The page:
From the start the attack on Odessa is an attrition match, just as it was historically. Much of this is attributable to the inefficient nature of the Rumanian infantry division but the Rumanian player does hold a numerical edge, about 23% in initial firepower (although off-set by enemy strongpoints) when comparing the entire force on each side. That advantage grows to 51% if comparing effective front-line strength on the first turn since some of the Soviet units are tied down as garrisons. The Rumanian player also has the initiative and he has greater attack flexibility because of the ability to co-ordinate the movement of all his units from the start; there is no Non-Op HQ problem. The Rumanian will find his best shot lies in attacking, systematic attacking against selected targets.

The Rumanian First Turn
I suggest the following Rumanian attacks against the suggested Soviet set up. Conduct them in the order presented here.

  1. Place 1 Arm and 1 and 9 Cav in 6028 and 7 Art. in 6027 to attack 6029; will have 10-1 odds or no worse than 5-1 if the Soviet adds his one-point artillery to the defense here. Be sure to advance the armor unit after winning this battle in order to destroy the strongpoint. One cavalry should exploit to hex 6228 and the other should accompany the armor unit during the motorized movement phase.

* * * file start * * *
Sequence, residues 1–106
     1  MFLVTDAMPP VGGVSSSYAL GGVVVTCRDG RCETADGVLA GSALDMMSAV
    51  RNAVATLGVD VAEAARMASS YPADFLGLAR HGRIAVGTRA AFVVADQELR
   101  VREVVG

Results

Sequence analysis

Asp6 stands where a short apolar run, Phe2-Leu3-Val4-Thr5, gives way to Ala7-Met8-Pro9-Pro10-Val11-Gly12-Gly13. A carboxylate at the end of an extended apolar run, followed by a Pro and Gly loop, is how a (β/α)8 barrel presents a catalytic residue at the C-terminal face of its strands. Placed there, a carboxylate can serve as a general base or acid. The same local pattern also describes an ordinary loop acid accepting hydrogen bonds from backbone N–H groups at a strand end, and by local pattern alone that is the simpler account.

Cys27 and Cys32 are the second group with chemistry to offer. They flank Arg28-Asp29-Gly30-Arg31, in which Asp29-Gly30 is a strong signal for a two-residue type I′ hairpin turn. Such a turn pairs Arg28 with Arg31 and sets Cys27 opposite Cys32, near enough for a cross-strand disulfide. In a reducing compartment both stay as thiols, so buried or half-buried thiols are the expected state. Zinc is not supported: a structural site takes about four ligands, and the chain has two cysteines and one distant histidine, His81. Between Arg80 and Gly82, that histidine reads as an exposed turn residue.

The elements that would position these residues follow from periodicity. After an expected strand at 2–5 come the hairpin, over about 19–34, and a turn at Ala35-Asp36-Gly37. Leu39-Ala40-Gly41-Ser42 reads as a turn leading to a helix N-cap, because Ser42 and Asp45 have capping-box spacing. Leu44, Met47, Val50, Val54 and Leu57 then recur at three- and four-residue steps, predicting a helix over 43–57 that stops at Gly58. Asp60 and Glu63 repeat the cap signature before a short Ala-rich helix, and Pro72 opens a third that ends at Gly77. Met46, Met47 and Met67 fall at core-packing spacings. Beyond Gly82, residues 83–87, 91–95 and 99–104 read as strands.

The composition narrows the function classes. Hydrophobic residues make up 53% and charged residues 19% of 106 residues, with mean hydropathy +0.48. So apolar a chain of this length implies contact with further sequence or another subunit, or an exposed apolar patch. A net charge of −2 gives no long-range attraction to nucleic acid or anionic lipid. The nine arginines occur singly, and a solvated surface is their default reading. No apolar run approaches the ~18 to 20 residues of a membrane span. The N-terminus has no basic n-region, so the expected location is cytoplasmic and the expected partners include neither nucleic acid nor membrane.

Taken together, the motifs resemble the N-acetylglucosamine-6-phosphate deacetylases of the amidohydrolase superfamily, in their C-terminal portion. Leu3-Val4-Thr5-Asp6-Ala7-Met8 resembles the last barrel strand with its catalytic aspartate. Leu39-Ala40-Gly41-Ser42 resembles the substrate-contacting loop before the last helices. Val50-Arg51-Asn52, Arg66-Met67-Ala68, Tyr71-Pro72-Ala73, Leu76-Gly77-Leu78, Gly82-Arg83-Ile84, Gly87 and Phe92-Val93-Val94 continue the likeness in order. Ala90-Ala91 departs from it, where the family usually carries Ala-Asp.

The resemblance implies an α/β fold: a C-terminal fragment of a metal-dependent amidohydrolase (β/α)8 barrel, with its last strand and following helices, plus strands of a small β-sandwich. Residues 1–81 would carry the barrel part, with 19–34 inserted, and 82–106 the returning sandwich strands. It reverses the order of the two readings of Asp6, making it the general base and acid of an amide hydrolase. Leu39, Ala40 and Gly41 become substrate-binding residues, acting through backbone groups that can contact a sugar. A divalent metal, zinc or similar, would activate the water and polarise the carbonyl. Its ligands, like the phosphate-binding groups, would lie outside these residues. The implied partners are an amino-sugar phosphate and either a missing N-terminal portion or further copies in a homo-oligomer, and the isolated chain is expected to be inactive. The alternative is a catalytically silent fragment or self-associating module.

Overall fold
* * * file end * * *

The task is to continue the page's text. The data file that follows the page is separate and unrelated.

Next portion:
2. Place GD Inf in 5631 and 21 Inf in 5632 and 2 Art in 5530 to attack 5731. Odds will be 3-1 if no Soviet artillery is offered in support but the odds will drop to 2-1 if the one-point Soviet artillery unit supports here, which it likely will do.
  3. Place Gran Inf and 7 Inf in 5730 and 3 Art in 5630 to attack 5831 along with air support. Expect the Soviet to support with two points of artillery. Much advantage here if can get to advance after combat, in fact this attack is the whole object of the first turn. Good luck.
  4. Place 3 Inf in 5729 and Army Art in 5629 to attack 5830. This may be a diversionary attack but you might still get lucky.
Other Rumanian Movement: 5 Inf to 5828 to maintain a screen, 15 Inf stays put and 5 Art joins it in 6429. Note that the Soviet cavalry unit cannot move since it is part of the Garrison and a Rumanian unit has not moved adjacent to it (thereby releasing it). Contrary to an earlier posting, I have decided the Rumanian 15 Inf will not cut the road. If the Soviet wants to give you 4 VPs to get the 30 Mtn Div. then so be it, he has made a poor trade for steps and you still have 14 turns to show him how well you can roll the die (at the very least, call up Warren Kingsley's opponent, Henry R., the guy can't miss!).